Sunday In Jerusalem

The Sunday before Christ’s crucifixion is typically called “The Triumphal Entry.” But was it really? One thing’s for sure—Jesus didn’t come to Jerusalem the way the people expected! 

To fully get the picture of what’s happening we need to turn back the calendar several hundred years. Ever since Jerusalem fell to invading armies, the Jews hung on to the promise that God would restore their king and their kingdom. They were awaiting a descendant from the line of King David who would drive out their overlords and restore Jerusalem to its rightful place. 

They clung to a promise in Psalm 118 that included these words—“Lord, save us! Lord, grant us success! Blessed is He who comes in the name of the Lord. From the house of the Lord we bless you. The Lord is God, and He has made His light shine on us. With boughs in hand, join in the festal procession up to the horns of the altar” (vv. 25-27). 

But Jesus was prophesied to come as the Prince of Peace, gentle and unassuming, the Servant of all people (Isaiah 9:6; 42:1-3). Jesus simply didn’t do things the way the crowds expected! He was born in a manger in Bethlehem (not as a king in Jerusalem), and hailing from Nazareth caused people to mock, “Nazareth? Can anything good come from Nazareth?!” 

So on that Sunday as Jesus approached Jerusalem, it wasn’t as a conquering King but as a humble servant. As He came near, He wept a sobbing lament over Jerusalem (Matthew 23:37). 

The crowd took palm branches (as Psalm 118 suggested) and shouted, “Hosanna!” That word means “Save us,” but what they really meant was, “Save us NOW!” Jesus came riding a mule—a lowly work animal, not a war horse—to remove any fear people may have, and to show them His servant’s heart. 

Even His disciples didn’t get this. But the Pharisees sure did: They wanted Jesus to rebuke the crowd for their insolence and blasphemy! Many of the worshippers were eyewitnesses to the resurrection of Lazarus, so Jesus said to the Pharisees, “They have to give praise to God for this!” 

Jesus made His way to the temple but there were no sacrifices, no anointing, no coronation. Mark tells us Jesus simply “looked around at everything and then left.” 

Have you ever noticed that Jesus never rushes? He’s never early. He’s never late. He’s never confused. He’s never trying to catch up. 

This is because Jesus was in complete sync with His Father. Jesus said that everything He did was directed by His Father, and every word He spoke was given to Him by His Father.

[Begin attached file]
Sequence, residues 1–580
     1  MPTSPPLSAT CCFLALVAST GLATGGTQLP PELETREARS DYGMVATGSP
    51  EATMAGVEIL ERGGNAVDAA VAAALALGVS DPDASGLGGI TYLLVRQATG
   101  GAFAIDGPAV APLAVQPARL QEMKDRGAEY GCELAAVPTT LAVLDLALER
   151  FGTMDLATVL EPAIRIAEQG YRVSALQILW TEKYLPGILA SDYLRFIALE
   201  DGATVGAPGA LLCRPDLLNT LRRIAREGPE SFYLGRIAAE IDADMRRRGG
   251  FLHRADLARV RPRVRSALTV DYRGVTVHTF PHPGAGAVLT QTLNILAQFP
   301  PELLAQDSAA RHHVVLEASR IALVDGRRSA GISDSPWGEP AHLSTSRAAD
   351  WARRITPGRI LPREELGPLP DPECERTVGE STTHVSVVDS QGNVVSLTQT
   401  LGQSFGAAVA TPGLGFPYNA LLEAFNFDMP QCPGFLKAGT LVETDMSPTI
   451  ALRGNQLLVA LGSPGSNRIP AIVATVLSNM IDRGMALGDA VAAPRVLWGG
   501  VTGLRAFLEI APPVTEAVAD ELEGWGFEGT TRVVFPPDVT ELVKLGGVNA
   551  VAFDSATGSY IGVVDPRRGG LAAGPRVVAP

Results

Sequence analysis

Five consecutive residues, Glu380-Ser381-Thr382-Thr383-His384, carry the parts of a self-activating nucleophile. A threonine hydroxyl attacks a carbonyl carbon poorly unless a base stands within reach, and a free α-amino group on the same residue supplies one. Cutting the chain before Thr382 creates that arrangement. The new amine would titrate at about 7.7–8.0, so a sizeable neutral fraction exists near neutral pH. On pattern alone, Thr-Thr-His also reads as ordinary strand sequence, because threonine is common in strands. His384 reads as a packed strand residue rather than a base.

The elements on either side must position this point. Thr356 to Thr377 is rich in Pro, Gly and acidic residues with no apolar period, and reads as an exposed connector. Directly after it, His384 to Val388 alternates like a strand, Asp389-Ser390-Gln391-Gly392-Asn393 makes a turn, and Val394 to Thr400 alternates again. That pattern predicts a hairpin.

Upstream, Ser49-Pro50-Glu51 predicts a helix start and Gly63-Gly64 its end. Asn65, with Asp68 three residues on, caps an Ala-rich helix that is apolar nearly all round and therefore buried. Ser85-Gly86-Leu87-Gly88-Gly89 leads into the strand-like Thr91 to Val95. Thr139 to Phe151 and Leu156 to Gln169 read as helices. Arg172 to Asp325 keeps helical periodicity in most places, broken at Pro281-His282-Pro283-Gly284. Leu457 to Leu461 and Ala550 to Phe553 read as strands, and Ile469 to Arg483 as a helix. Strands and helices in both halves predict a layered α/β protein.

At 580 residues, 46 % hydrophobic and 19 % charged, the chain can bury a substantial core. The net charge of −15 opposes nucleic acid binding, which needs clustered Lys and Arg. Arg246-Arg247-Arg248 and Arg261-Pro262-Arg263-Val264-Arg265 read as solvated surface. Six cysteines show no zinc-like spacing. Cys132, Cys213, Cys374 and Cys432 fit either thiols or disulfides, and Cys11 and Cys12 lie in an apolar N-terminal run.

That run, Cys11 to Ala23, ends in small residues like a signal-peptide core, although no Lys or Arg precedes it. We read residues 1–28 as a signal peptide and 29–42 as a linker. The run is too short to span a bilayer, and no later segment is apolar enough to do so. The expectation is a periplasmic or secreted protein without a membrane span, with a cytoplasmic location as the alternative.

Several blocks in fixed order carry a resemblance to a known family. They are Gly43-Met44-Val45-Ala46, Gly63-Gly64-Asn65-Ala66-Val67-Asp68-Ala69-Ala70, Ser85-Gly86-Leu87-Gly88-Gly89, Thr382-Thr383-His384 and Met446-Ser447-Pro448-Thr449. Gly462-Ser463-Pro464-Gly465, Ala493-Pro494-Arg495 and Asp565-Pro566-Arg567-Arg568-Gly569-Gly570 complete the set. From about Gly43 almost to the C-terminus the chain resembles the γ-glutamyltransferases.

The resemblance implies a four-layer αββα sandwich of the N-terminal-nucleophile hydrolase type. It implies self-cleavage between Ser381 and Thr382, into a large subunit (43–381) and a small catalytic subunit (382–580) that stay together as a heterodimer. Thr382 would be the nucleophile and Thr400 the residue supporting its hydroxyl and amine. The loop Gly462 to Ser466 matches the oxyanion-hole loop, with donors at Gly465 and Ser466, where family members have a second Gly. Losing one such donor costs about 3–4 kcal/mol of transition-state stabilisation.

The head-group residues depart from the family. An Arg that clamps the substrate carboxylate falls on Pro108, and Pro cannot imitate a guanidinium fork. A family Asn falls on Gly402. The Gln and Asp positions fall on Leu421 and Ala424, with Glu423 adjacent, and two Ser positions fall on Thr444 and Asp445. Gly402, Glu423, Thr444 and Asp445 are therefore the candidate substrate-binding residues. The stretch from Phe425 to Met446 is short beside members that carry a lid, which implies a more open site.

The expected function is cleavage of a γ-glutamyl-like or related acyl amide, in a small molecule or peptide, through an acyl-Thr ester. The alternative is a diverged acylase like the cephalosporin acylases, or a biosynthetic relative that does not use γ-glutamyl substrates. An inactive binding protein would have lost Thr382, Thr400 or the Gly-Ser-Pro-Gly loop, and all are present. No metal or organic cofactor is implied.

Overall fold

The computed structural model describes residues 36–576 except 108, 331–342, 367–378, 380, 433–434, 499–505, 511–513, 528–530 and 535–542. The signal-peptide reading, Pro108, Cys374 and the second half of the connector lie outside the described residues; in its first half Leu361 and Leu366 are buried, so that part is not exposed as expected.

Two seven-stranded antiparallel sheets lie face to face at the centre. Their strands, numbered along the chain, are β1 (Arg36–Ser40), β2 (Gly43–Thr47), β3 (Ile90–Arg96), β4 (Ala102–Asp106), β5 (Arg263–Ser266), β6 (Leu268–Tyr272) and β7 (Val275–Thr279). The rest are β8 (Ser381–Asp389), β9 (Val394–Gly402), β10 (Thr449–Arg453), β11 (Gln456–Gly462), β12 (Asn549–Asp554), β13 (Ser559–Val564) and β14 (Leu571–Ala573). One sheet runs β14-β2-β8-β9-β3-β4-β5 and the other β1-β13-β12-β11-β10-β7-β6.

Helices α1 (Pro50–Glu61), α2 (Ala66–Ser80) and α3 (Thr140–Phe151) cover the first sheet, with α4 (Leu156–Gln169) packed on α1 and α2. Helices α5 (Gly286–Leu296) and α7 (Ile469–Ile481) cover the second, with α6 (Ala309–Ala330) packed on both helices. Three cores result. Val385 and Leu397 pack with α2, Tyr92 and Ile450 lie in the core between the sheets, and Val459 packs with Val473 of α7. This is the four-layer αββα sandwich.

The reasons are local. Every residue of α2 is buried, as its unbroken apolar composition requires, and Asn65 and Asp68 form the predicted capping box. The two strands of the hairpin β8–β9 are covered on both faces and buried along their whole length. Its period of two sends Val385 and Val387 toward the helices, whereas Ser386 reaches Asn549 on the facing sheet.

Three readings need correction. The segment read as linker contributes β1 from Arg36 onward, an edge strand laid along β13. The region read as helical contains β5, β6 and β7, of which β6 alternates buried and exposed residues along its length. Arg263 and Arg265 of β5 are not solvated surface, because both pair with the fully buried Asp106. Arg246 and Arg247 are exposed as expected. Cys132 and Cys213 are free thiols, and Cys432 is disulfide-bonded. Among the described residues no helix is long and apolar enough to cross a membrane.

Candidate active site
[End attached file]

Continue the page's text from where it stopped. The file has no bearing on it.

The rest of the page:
We, too, should be able to move in that same unrushed pace. Because of what Jesus did for us on Calvary, we may have the same “oneness” with our Father as Jesus did (John 14:20). 

Worry creeps into our lives when—like those cheering crowds in Jerusalem—we try to make our agenda happen on our timetable with our own resources. But when we look to Jesus, we see such a perfect peace as He relied on His Father. 

Christ’s passionate journey was out of love for us, so that we could know peace with God as we journey through life with Jesus. 

Join me this Sunday as we take a closer look at the Monday of Christ’s Passion Week. 

Poetry Saturday—The Building Of The Ship

The poet creates so many analogies from the building of the perfect ship. The loving Master knew exactly what he was doing. But the poem closes with this analogy to the United States of America…

LongfellowHow beautiful she is! How fair
She lies within those arms, that press
Her form with many a soft caress
Of tenderness and watchful care!
Sail forth into the sea, O ship!
Through wind and wave, right onward steer!
The moistened eye, the trembling lip,
Are not the signs of doubt or fear.
Sail forth into the sea of life,
O gentle, loving, trusting wife,
And safe from all adversity
Upon the bosom of that sea
Thy comings and thy goings be!
For gentleness and love and trust
Prevail o’er angry wave and gust;
And in the wreck of noble lives
Something immortal still survives!

 

Thou, too, sail on, O Ship of State!
Sail on, O Union, strong and great!
Humanity with all its fears,
With all the hopes of future years,
Is hanging breathless on thy fate!
We know what Master laid thy keel,
What Workmen wrought thy ribs of steel,
Who made each mast, and sail, and rope,
What anvils rang, what hammers beat,
In what a forge and what a heat
Were shaped the anchors of thy hope!
Fear not each sudden sound and shock,
’T is of the wave and not the rock;
’T is but the flapping of the sail,
And not a rent made by the gale!
In spite of rock and tempest’s roar,
In spite of false lights on the shore,
Sail on, nor fear to breast the sea!
Our hearts, our hopes, are all with thee,
Our hearts, our hopes, our prayers, our tears,
Our faith triumphant o’er our fears,
Are all with thee, —are all with thee! —Henry Wadsworth Longfellow

 

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